“After the third day, I heard that the people were saying that they didn’t have money to eat and that the food storage was burned. I couldn’t stay calm,” he told me. “If I could have given my blood to bring food for the people, I would have done that.”
Zaidan found a way to enter the camp, avoiding Israeli military tanks, bulldozers, and jeeps. “I helped the Red Cross,” he recalled. “They said ‘we are not allowed to deliver food because there is no way to enter.’ I told them, ‘There is a way. Come with me.’ So we brought the food for the people that we could reach.”
Back at home in the city of Jenin, Zaidan was unable to stay still. Once again, he left his house searching for any way to slip past the military. “There was no way to enter, like the first time.” Day after day, he failed. Finally, the siege loosened, and he managed to enter Jenin refugee camp.
“All I wanted was to enter the refugee camp to help any way that I could, or to fight by suicide bombing because I didn’t have any weapon on me,” Zaidan said. “But I wasn’t prepared to fight at all. It was only in my heart – I didn’t have the tools to do it, and I wasn’t trained.”
Upon entering the camp, he witnessed the aftermath of Ya’alon’s “chemotherapy.”
“I found bulldozers all over the place with dead and burned bodies all around. I was traumatized by that scene,” he said adding “The bombing was everywhere. It wasn’t aimed at a specific target.”
“I saw a woman keeled over with her face in the dough,” he said as he bent at the waist to demonstrate the position he found her body in, killed as she was making bread. “She had a bullet in the middle of her face,” he added, pointing directly between his eyes. “After I saw this, I knew it was a war.”
Having seen the shocking scenes of the decimation of Jenin camp, Zaidan became intent on carrying out a suicide bombing.
Sitting in his home in Gaza City, Zaidan reflected on his decision. “I wrote in my will that I wanted to live a normal life like the rest of humanity – to travel and work and to live a dignified life, not to live poor, or to die and rest from this life. I didn’t want to die. Why would anyone want to die,” he asked me rhetorically. “Do you have more reason to live this life than I do? Live happily and go wherever you want. This life will fit me and you – it fits a trillion human beings. But why are you encroaching on me? Did I come to you holding a weapon? Did I kill you? Did I harm you? Because you are putting pressure on me!”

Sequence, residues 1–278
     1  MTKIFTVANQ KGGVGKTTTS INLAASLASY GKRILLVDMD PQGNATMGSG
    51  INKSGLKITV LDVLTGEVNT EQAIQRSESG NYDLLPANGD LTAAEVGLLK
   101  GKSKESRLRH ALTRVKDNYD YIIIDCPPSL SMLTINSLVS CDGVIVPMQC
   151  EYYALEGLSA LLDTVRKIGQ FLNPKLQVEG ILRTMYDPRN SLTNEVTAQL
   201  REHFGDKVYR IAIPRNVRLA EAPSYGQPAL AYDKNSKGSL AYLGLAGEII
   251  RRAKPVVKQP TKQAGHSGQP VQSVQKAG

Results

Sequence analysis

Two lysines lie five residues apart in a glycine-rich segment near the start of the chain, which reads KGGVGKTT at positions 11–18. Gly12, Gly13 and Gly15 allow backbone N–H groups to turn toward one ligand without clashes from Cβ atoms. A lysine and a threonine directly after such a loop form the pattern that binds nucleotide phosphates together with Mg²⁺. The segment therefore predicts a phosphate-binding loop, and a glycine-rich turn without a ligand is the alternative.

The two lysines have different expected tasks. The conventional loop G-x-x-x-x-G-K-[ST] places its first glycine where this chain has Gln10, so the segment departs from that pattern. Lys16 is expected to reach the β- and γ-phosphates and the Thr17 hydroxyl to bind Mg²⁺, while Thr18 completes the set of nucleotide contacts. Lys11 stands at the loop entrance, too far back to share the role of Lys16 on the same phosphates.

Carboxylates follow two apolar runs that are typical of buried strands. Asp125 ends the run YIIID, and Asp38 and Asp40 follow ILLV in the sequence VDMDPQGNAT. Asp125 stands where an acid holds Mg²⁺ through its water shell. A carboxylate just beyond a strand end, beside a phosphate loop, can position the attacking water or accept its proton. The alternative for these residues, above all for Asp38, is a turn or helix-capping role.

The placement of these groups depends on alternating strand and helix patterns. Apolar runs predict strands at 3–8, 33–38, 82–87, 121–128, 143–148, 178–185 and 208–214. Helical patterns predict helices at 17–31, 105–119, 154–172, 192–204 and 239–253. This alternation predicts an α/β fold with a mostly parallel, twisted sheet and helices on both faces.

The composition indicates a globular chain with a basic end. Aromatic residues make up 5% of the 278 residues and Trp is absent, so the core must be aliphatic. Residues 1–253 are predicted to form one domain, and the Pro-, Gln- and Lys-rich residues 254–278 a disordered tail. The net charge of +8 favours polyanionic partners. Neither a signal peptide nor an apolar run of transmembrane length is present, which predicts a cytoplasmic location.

As much as Zaidan wanted to carry out a suicide bombing, he had no involvement with the resistance and didn’t know where to start.
“I saw a friend that I used to think was involved with the resistance. I was direct with him. ‘I want to do a suicide bombing,’” he said.
“My friend said, ‘Go home to your mother.’”
“‘I’m serious,’ I told him.”
“He replied, ‘Go home to your mother.’”
He beseeched his friend on a daily basis and always received the same response: Go home to your mother.
Finally, Zaidan’s friend accepted.
“That was on the sixth of May, 2002,” Zaidan recalled. “My friend told me, ‘Tomorrow be ready and I will take care of the rest.’”
Zaidan then realized that his friend had been preparing an operation since he first approached him, but wanted Zaidan to demonstrate his commitment.
Before sunrise the following morning, Zaidan and his friend went to record his will in an abandoned house near Jenin. Being uninvolved with any faction, Zaidan did not have anything prepared. The language of armed resistance was unfamiliar to him, but he spoke eloquently of oppression. Zaidan explained a profound philosophy on death, something he had much time to reflect on while he was incarcerated in Israeli prisons.
“I stood up to say my will but I was never in any faction or trained or anything. I never shot a bullet in my whole life,” he told me. “So, I did my will. He gave me a paper to read from and I added to it: It’s either the Israeli occupation or we live like the rest of the human beings. To have the full freedom of movement — to live a normal life or death would be the only choice. Because they will not take our freedom in choosing to die. Maybe you can take my freedom in life but you can’t take it on how I’m going to die. You either give me my freedom or you give me the freedom to choose how to die. That’s exactly how it is. Not because I want to die or buy death, and not because I’m not afraid of death. But because death is a departure from this system we are living under. When the human being dies, it’s not the end. If someone kills and steals, oppresses people and then dies, is this the end to this human being?”